fresh picked apples in a basket

Healthy Diet Tips for Kids

It's no secret that what we eat has a huge impact on our health and well being but how do we get this message across to our children? If you're constantly battling demands for processed, unhealthy snacks and convenience food and want to encourage your children to have a balanced, healthy diet, you'll find some tips below.

Start young


Eating a wide variety of fresh vegetables and fruits, whole grains, unsaturated fats and oils from a young age means they're more likely to embark on a lifetime of healthy eating. It sounds easy to anyone who hasn't dealt with a fussy eater so if you have one (or more) try involving them in meal preparations. Show them what goes into dishes and experiment together with textures and tastes. By sparking their curiosity they'll naturally want to try new food. You'll  also be giving them that all important sense of control over what they're eating. Click here for a selection of easy, nutritious recipe ideas for kids to try alone or with some help or try these toddler friendly recipes from Bamboo Bamboo 


Talk about rainbows

Bright orange sweet peppers, deep purple blackberries, sunshine yellow tomatoes, green beans (even better if they get to pick them themselves), the colours of fresh fruit and vegetables represent a spectrum of vital nutrients.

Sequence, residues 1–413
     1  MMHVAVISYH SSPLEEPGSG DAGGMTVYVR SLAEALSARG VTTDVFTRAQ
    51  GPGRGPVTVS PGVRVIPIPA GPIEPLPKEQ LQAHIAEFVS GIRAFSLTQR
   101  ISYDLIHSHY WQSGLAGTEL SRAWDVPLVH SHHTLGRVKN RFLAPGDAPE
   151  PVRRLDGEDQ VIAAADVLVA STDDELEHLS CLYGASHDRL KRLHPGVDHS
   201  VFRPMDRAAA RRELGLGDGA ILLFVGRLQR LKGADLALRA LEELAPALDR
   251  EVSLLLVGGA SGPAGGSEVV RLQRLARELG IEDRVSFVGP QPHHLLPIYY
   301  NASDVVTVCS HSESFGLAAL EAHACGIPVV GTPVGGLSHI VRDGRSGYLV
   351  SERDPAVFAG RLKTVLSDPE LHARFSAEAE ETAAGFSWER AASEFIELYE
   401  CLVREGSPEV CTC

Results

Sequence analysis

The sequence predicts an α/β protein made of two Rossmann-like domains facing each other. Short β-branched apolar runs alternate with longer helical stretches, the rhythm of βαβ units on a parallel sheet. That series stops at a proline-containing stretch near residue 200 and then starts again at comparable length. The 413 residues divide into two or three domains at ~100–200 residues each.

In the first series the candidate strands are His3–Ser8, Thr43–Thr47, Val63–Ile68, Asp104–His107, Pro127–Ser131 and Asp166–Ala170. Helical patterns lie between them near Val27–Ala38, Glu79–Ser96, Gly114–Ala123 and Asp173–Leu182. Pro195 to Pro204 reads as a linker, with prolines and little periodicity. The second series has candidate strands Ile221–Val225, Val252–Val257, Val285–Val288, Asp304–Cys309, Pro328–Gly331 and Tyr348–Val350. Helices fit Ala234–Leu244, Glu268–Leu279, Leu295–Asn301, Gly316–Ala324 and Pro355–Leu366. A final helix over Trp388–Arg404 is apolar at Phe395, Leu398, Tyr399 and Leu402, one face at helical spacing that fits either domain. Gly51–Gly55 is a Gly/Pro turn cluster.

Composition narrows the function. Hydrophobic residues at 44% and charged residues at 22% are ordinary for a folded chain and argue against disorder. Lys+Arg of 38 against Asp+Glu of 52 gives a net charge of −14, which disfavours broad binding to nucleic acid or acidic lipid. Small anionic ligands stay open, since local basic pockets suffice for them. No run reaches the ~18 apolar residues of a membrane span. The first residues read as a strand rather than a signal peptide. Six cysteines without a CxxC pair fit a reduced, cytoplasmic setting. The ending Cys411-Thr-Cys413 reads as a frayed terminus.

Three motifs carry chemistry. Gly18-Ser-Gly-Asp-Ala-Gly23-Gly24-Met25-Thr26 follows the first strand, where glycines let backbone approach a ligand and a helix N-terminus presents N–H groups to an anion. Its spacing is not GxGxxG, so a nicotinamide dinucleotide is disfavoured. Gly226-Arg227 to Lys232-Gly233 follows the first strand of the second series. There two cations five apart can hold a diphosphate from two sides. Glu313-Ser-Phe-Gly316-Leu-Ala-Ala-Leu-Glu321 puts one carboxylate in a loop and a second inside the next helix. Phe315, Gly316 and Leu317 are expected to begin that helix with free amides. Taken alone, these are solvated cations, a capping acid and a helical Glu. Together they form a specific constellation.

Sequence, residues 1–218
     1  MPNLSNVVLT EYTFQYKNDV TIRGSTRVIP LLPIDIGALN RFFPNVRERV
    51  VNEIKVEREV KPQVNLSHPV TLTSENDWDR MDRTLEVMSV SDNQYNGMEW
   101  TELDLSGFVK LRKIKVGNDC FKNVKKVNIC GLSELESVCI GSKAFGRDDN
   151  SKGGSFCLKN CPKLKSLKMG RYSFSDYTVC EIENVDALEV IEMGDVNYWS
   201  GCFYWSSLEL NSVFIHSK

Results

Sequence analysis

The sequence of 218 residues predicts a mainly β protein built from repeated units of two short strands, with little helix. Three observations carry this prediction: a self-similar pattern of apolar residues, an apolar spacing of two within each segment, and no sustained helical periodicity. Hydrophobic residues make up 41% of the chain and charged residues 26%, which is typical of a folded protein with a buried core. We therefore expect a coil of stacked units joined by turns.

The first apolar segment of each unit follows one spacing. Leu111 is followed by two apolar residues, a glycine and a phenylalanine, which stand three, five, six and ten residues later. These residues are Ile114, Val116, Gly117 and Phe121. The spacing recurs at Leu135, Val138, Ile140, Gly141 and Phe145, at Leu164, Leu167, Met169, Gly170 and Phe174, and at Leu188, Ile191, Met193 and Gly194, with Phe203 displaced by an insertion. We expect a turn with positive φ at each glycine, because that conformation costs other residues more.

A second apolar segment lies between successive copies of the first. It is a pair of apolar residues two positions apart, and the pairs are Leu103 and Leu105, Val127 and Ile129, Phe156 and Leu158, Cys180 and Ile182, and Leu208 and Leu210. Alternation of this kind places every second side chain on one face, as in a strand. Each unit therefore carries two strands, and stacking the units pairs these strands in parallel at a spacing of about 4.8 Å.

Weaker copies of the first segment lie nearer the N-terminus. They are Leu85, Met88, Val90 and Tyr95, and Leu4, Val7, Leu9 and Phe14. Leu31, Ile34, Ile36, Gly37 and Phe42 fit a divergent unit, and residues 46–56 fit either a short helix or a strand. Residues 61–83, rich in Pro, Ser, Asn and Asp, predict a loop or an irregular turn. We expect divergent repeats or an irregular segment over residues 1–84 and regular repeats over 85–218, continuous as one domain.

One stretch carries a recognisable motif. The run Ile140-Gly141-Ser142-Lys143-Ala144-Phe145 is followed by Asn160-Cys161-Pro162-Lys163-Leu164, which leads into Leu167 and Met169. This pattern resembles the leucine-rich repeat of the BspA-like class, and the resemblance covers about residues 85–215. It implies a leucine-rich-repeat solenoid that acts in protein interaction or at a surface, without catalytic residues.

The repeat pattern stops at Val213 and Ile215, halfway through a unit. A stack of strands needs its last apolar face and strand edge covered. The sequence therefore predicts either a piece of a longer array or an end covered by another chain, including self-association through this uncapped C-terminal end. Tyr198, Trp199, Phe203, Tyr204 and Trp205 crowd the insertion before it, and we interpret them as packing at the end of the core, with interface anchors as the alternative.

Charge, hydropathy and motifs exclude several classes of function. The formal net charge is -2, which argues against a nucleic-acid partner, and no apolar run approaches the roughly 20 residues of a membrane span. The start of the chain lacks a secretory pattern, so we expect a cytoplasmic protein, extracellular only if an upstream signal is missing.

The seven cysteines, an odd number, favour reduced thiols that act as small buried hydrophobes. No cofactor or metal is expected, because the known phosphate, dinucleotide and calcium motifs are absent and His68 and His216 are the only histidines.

Carotenoids in orange foods such as carrots, pumpkin and cantaloupe melons include beta-carotene, which is converted into vitamin A in the body. Flavonoids are found in blueberries, cherries and black grapes and support brain and blood function.

Explain how your body benefits from the food you're eating. Here's a link to more information from the British Nutrition Foundation, with tips on how to get them to eat their 5 a day


 Building a growing body

Protein is an essential part of a child's diet and is found in a large variety of food including meats, eggs, dairy, seafood, legumes, nuts and seeds. It's broken down and re-formed into new proteins in our bodies. Animal based proteins and soy foods generally contain all the 9 essential amino acids required for good health. Plant foods tend to have lower levels of some amino acids but eating a variety of them can provide all 9.

We need a little fat too


Oils and fats aren't all bad, in fact some are vital to health, particularly for our skin, nails and hair. Extra virgin olive oil is one of the most well known and healthiest. It contains monounsaturated omega-3 fatty acids. Essential fatty acids can't be made by the body and therefore have to come from our diet. Nuts and oily, cold water fish (eg sardines, mackerel, salmon) are another important source. Linoleic acid (an omega-6 fatty acid) is found in walnuts, flaxseeds and vegetable oils and linolenic acid (an omega 3-fatty acid) is found in pine nuts and pistachios. Fat is also needed for absorption of fat-soluble vitamins A, D, E, and K.

Unhealthy trans-fatty-acids or trans fat is most often found in processed foods. Used because it's cheap and extends shelf life and best avoided. Read the label and watch out for "partially hydrogenated vegetable oil".


But most of all, just enjoy meals together!